In Southwest Baltimore—as well as in communities across the country—our behaviors have led us to unhealthy lives and lifestyles. The increase of chronic health conditions (e.g. high blood pressure, diabetes, heart disease and stroke) is affecting younger individuals and not enough people are concerned. In some neighborhoods in Southwest Baltimore, the life expectancy is 10-15 years less than in other more affluent neighborhoods. Many individuals living in these disenfranchised communities do not understand how important it is to eat healthy foods and to exercise.
Southwest Baltimore has become a “food desert” because there are very few grocery stores and too many carry-outs. The two supermarkets serving Southwest Baltimore stock only boxed and canned items that have long shelf lives and don’t offer healthier choices. Most local grocery store owners do not live in the communities they serve and claim that the people do not buy or want healthier choices or options. Take a trip to the grocery stores in many of these communities and you will find only whole or 2% milk, many sugary drinks and sodas, but no good quality wheat bread or fresh fruits and vegetables. Residents seeking healthier choices and options must travel outside their community to buy fresh fruits and vegetables and find more choices and wider varieties.
In addition, many residents have not associated the lack of exercise with certain health conditions or failing health. It’s true that residents living in low-income communities cannot afford gym memberships, but there are other ways to exercise. Going back a couple of generations, people did not have cars and walked where they needed to go. Today, people will not walk more than a few blocks without seeking a ride—bus, car, or other means of public transportation. In the past, children had public recreation centers within the neighborhoods. However, in the last decade, city government has closed many recreation centers and the residents have lost programs that promote exercise for adults and children. There have been several attempts to promote walking groups in some communities in Southwest Baltimore, but when the effort goes beyond co-workers and friends to recruit community residents, the excuses begin from people who live in area (e.g. too much crime in the area, will it be safe, seniors are too old, etc.)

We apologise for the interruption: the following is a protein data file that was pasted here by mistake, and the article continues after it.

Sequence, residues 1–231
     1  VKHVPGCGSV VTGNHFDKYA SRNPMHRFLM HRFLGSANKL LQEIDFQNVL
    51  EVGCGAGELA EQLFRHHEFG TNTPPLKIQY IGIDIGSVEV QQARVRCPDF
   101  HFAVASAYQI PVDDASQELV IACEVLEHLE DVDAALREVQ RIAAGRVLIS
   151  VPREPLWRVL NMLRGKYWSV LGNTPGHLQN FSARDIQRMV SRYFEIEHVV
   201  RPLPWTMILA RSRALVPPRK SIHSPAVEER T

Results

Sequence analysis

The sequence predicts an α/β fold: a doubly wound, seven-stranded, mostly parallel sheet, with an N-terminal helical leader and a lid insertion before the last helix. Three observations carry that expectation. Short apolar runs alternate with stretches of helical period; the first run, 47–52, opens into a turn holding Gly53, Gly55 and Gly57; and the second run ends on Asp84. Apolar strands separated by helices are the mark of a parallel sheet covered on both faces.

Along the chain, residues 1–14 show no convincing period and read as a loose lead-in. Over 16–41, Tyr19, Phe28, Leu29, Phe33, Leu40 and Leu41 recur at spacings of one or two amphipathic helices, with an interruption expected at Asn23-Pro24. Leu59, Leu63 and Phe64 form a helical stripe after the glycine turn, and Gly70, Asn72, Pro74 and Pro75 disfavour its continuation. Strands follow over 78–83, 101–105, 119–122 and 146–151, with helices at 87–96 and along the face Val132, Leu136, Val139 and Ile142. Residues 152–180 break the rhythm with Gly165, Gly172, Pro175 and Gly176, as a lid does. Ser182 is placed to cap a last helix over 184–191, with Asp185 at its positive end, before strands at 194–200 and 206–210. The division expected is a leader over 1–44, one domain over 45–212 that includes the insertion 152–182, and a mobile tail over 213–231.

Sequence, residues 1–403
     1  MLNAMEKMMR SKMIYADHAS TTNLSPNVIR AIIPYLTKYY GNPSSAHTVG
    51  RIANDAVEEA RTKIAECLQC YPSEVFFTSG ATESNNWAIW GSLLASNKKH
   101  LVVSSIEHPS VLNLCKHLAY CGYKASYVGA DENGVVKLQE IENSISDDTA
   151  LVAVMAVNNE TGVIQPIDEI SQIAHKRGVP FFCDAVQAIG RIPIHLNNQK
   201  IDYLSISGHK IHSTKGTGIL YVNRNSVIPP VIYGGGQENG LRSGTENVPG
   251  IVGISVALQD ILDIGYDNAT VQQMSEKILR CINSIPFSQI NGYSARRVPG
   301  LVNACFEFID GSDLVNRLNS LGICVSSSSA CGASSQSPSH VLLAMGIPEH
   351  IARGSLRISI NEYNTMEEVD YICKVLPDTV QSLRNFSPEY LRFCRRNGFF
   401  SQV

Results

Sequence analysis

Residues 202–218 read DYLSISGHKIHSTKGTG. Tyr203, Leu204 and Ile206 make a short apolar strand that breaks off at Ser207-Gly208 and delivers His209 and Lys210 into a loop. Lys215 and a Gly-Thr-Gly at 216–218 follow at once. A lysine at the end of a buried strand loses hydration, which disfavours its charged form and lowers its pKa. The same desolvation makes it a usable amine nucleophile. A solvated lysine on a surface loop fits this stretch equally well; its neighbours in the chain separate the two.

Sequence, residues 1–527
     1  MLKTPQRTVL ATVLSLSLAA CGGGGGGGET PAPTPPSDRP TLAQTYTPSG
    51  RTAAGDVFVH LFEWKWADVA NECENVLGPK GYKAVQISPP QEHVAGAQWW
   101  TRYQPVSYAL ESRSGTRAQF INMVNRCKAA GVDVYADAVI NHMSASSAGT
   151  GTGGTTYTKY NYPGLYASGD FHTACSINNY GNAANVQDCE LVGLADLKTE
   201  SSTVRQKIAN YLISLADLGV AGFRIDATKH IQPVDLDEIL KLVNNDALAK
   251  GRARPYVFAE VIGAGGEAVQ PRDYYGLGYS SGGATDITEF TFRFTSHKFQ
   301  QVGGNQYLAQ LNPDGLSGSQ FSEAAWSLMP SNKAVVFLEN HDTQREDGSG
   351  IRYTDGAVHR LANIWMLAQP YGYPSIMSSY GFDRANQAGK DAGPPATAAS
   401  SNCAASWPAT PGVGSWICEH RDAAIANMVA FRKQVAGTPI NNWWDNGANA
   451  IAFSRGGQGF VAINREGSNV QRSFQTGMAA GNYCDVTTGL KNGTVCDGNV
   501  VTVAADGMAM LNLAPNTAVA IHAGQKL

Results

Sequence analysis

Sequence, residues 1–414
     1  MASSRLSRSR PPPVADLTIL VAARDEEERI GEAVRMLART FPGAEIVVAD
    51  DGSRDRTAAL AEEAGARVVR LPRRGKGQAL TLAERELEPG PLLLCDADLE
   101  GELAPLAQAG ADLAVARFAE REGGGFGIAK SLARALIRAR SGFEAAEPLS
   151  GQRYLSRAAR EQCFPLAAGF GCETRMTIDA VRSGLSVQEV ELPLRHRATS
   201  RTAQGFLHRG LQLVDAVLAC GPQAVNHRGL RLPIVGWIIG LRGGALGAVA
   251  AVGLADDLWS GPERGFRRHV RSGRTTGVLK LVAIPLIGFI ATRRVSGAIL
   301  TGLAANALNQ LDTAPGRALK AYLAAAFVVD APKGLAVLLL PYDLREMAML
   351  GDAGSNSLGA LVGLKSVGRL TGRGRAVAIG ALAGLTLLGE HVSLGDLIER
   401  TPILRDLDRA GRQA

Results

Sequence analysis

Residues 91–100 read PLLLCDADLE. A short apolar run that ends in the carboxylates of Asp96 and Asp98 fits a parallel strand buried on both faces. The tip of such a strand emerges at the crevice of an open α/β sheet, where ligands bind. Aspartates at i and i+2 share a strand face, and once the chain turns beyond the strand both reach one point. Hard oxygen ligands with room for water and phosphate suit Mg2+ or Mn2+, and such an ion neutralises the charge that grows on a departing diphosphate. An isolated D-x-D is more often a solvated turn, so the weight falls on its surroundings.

A change in behaviors can help create healthier lifestyles and health improvements for our seniors, young residents, and single parents with children. Becoming healthier citizens in Southwest Baltimore and throughout the nation starts with making a commitment to change and to be healthy.